Today should not have been the day that I took time to be in a slow motion fantasy drug-buying sequence: I actually have a LOT to do to prepare for my trip, which is paralyzing me.  My growing to do list includes getting my tickets ready, finding our passports, printing out emergency numbers, canceling papers, calling credit card companies, burpees, blog… it’s all too much!  So instead, I decide to call my wife and ask if she wants to go to lunch.  She can’t, she’s at the Gap returning the clothes I got for my kids yesterday.  MOTHER FATHER!  “What’s wrong with the clothes I got?”  “Sasha’s jeans were the wrong size and you got Caleb girls’ sweats.”  Crap, my own incompetence is now costing my wife her valuable packing time and more importantly, me my time-killing lunch date.  I look at the clock: How the hell can it be 3:00?  How slow was my drug fantasy?  This day is quickly evaporating.  This is why I need to rush.  I quickly go to the drug store to pick up more sundries, forgetting what I came there for which is those little tiny portable toothscrubbers which I should write down now, but I won’t so hopefully I’ll read this tomorrow and remember.  I call my wife asking if she needs anything and she doesn’t.  I’m on speakerphone with the kids.  “Hey kids, it’s daddy!”  (muffled)  “hey.”  My wife tells me she’s going to take my daughter shoe shopping.  “Hey, Caleb, maybe you’ll stay home and hang out with daddy and we can–” “No.”  “So you’d rather watch your sister try on shoes then some undisclosed fun activity with daddy?”  “Can you hang up, we were listening to a song.”

I had nothing to do, and yet so much to do.  I raced around from store to store, picking up one thing and forgetting two, only wanting to avoid going home to the crushing disappointment of my kids choosing watching their siblings shop over hanging out with me.   I finally dropped off home before having to leave again when my daughter said she had a gift for me.  She had bought something at her school’s book fair the other day but wouldn’t tell us what.  My first thought, having seen enough commercials, was that it was drugs or alcohol.  My second thought was, “I’m hungry” so I got something to eat and forgot about the book fair.  She came downstairs with three wrapped presents and gave one to each of me, Shawni and Caleb.  Caleb’s was two cans of chemical goo– the perfect gift.  Shawni’s was a book on how to cook meatless foods (my daughter is a vegetarian).  Again: bullseye.  I anxiously opened mine (I love presents!) to see the book “Dear Daughter: How to be a better father and husband.”  Did it hurt my feelings that my nine year old had to go to the book fair and ask a teacher, “Hi, what do you have for someone who’s clueless about being a father or husband?”?  Maybe a little.  But my overwhelming feeling was that of joy– my daughter who’s so hard to know, was giving me a way to know her a little better.  Or she just didn’t want to wind up in child protective services.  Either way, it was a sign that my little baby girl was growing up.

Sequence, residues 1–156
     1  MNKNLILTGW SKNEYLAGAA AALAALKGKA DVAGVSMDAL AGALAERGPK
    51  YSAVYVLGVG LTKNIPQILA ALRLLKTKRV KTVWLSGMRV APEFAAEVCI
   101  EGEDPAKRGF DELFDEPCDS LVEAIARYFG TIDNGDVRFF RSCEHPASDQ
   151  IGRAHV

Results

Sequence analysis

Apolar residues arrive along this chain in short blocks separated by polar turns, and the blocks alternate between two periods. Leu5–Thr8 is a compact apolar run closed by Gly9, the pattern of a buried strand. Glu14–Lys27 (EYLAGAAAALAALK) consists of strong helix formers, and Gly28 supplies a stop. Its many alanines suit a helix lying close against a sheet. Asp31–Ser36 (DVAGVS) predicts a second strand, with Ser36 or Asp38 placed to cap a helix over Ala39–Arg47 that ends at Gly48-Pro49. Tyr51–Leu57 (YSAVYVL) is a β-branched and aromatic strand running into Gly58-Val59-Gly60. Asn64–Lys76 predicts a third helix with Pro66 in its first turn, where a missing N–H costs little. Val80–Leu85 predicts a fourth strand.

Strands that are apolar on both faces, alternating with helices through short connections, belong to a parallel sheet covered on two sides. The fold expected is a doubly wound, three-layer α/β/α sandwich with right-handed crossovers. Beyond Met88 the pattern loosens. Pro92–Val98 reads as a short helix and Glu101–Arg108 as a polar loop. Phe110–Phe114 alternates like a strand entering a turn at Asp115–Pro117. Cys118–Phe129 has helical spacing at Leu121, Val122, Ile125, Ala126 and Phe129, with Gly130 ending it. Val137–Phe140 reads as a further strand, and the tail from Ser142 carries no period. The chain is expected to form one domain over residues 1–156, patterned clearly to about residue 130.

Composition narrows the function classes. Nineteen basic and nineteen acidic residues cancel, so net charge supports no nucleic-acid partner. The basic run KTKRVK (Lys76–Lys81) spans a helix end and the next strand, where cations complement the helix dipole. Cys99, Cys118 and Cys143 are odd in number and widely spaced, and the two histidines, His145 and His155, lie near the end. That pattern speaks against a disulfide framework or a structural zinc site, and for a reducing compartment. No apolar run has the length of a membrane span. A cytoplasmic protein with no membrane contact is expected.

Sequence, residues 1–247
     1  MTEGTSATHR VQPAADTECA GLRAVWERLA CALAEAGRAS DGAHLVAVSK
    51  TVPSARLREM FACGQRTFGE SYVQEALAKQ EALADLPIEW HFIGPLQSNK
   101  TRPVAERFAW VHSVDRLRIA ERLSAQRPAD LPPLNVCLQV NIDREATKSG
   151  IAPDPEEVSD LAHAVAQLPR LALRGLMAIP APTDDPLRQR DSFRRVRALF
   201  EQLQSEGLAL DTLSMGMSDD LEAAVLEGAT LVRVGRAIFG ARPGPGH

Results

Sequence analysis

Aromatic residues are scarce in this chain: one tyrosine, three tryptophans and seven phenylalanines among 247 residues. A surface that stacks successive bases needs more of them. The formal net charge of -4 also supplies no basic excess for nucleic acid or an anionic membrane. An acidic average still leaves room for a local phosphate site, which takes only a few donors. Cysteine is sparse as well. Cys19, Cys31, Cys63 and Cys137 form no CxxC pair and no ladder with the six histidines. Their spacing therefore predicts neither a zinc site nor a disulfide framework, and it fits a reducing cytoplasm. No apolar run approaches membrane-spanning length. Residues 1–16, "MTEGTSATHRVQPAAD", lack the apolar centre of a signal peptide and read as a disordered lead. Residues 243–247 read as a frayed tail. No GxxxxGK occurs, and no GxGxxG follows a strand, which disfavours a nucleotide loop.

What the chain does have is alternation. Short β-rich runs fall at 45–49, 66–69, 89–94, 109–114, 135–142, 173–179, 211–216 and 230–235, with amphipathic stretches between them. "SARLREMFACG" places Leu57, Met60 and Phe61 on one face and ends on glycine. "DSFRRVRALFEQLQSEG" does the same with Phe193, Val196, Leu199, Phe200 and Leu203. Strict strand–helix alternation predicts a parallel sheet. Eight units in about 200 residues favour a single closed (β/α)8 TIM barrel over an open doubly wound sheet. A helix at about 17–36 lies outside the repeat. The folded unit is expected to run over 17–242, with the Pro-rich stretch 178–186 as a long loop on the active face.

And at the very moment, Shawni said that Sasha had too much homework to do and had to stay home.  I jumped at the chance: “Caleb, wanna ride bikes?”  He did.  So we got on our bikes and sped around the block, Caleb yelling ahead, “wait up!” and I realized I was a block ahead of him.  I then turned around to watch my little boy huffing and puffing to keep up.  I then told him he should go ahead.  I wanted to take the moment.  And then, in slow motion, we made our way home, humming…  “Chill the wine, spit that pearl…”

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Written by 100daysoff

April 11, 2011 at 11:32 pm

Posted in Uncategorized

4 Responses

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  1. GREAT!!!!!

    Marc Rosenberg

    April 12, 2011 at 2:54 am

  2. You want us to follow you for the past 58 days and then believe that the first time someone told you to relax was 12 years ago? Really.

    Heidi

    April 12, 2011 at 1:14 pm

  3. if only all fathers would want to ride bikes with their kids. I think you’re a great father and a great husband. My husband wouldn’t go to ANY store to buy me clothes! But that’s ok – cause I wouldn’t ever wear anything he picked out.

    Dawn

    April 13, 2011 at 8:10 am